I am not big on celebrations, nor do I accept many invitations to receive awards. There is much work to be done, and the reward is in the doing. I learned this lesson early from my parents, Martha and Robert Guyden. However, I am humbled that anyone would even mention my name in association with E. E. Just. I, like he, was born into a segregated America, and somehow we both found biology. I think Just's life story instigates a discussion on diversity in science, as well it should. However, after reading Tyrone Hayes' (2010 E. E. Just Award recipient) essay from last year, “Diversifying the Biological Sciences: Past Efforts and Future Challenges” (Hayes, 2010), I have little to add on the subject. His words gave voice to my thoughts. That being said, I would like to use these pages to describe my journey into the “Cell” and the people who “hoed the row ahead of me.”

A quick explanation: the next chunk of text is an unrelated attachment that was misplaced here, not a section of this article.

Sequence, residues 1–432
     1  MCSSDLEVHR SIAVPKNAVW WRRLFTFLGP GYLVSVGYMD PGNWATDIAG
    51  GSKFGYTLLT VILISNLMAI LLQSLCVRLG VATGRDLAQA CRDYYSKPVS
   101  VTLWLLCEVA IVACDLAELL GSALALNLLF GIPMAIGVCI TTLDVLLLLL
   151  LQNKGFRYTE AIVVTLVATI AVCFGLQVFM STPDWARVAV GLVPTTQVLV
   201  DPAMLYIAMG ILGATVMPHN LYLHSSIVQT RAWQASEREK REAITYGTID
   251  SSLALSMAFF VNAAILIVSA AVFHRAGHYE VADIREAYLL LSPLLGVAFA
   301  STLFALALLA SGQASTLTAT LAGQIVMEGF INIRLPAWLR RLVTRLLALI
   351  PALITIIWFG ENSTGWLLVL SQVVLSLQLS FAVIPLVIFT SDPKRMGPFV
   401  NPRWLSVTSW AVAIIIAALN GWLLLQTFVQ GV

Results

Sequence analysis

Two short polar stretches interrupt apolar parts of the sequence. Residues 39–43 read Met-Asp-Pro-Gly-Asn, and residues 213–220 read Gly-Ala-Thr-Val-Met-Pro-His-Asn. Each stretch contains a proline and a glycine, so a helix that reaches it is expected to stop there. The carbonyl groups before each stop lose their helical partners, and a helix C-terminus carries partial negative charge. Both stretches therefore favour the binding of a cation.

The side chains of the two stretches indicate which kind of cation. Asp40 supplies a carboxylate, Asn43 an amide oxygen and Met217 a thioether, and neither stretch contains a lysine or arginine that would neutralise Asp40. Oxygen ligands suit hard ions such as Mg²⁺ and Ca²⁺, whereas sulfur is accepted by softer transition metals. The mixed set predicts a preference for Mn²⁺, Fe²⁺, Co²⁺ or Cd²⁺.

Guyden, J. C. (2011). A different kind of quarterback. Molecular Biology of the Cell, 22(21), 3926-3928. doi:10.1091/mbc.E11-05-0471.